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Saturday, April 12, 2008

Small town papers remain in rude health - for now

I read this story, headlined Small Towns, Big Profits, on Editor & Publisher a while back. It finds that small papers in the US are ticking along very nicely compared to their big-city counterparts. Some are even enjoying record profits and most report their margins remain intact.

The article goes on to explore what big papers could learn from the things that small papers do well - diversfied ad revenue, the personal touch, deep roots in the community, and discipline - and I think it's worth a read.

It's always nice to hear something positive from newspaper-land given the amount of ink currently dedicated to talk of its slow-but-steady demise.

The question, though, is how long rural and small-town newspapers will remain unaffected by the market changes that are eating into big-city newspaper circulation and margins.

As Bob Scaife, a Newspaper Association of America vice president of marketing who is quoted in the article, says: competing media and broadband penetration will eventually reach markets that are now sitting comfortably. "They have to keep an eye over their shoulder with what is going on out there."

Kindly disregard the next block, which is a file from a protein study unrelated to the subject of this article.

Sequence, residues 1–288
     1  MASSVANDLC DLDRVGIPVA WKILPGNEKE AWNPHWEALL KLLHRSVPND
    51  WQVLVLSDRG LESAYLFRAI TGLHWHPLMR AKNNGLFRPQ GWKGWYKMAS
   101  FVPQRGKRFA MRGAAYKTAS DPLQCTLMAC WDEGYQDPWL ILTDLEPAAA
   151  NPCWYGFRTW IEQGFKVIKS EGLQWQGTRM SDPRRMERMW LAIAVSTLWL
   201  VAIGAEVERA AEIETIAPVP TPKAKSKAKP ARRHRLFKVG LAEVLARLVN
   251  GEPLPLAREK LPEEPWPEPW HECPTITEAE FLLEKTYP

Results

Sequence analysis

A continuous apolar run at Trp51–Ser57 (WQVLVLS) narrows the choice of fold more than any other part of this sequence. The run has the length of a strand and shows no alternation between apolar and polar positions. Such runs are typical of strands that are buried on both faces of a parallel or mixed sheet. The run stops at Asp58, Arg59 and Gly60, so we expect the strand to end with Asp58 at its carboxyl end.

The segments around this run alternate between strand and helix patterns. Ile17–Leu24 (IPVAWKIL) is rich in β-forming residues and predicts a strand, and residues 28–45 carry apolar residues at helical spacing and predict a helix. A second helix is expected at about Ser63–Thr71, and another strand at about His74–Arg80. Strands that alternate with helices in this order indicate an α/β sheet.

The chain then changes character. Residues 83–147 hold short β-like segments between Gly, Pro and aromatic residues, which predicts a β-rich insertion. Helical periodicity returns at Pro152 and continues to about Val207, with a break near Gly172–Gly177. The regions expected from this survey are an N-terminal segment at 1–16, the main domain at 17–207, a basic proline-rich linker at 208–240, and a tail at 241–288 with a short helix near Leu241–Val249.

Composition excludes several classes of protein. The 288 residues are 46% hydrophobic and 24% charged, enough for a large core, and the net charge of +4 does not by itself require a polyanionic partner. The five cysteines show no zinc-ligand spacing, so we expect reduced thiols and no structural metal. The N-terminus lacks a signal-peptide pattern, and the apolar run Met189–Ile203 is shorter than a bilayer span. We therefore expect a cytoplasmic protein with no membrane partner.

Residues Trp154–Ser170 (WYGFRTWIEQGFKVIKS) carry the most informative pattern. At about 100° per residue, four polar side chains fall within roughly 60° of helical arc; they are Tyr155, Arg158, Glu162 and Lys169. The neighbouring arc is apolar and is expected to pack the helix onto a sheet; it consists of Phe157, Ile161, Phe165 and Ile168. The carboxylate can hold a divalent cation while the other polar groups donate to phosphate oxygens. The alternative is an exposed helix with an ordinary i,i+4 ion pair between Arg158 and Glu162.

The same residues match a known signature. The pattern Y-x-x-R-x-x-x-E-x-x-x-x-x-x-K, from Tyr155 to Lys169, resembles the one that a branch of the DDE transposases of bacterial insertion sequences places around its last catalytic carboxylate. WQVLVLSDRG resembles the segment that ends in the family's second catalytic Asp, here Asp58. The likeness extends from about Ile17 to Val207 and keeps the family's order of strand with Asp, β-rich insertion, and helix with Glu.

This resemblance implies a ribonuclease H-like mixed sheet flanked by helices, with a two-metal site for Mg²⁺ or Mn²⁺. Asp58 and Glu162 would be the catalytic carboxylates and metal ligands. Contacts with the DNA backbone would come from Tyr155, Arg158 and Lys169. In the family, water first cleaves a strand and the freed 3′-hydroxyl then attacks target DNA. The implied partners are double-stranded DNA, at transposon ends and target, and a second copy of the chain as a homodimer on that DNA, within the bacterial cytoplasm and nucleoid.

I agree. There's no question that ink on paper remains strong in rural and small-town New Zealand. But most of those newspaper readers either don't have internet connections or have dial-up or low-speed broadband. Eventually that will change, and people's reading habits will change along with it - with a clear impact on local papers. Unless, of course, those local papers start working towards developing useful websites. Not much sign of that yet.

Meanwhile, a Marketing Week report on UK regional newspapers makes for grimmer reading. It says regional papers there are struggling and undergoing long-term falls in both circulation and advertising. The article quotes people on the positive side of the spectrum as well as those who say the sector is going through an identity crisis as it transitions from print to online.

It notes a flurry of website start-ups among regional papers - particularly recruitment sites and others aimed at re-capturing lost classified ads - but questions how well they'll be able to compete in the long term. David Newton, a media buyer quoted in the piece, says regional publishers have been "behind the pace in terms of the growth of online and embracing its opportunities."

The article notes that a recent Newspaper Society Annual Regional Press survey found that online makes up only 2.5% of ad revenue for the UK regional press - a very long way to go, then.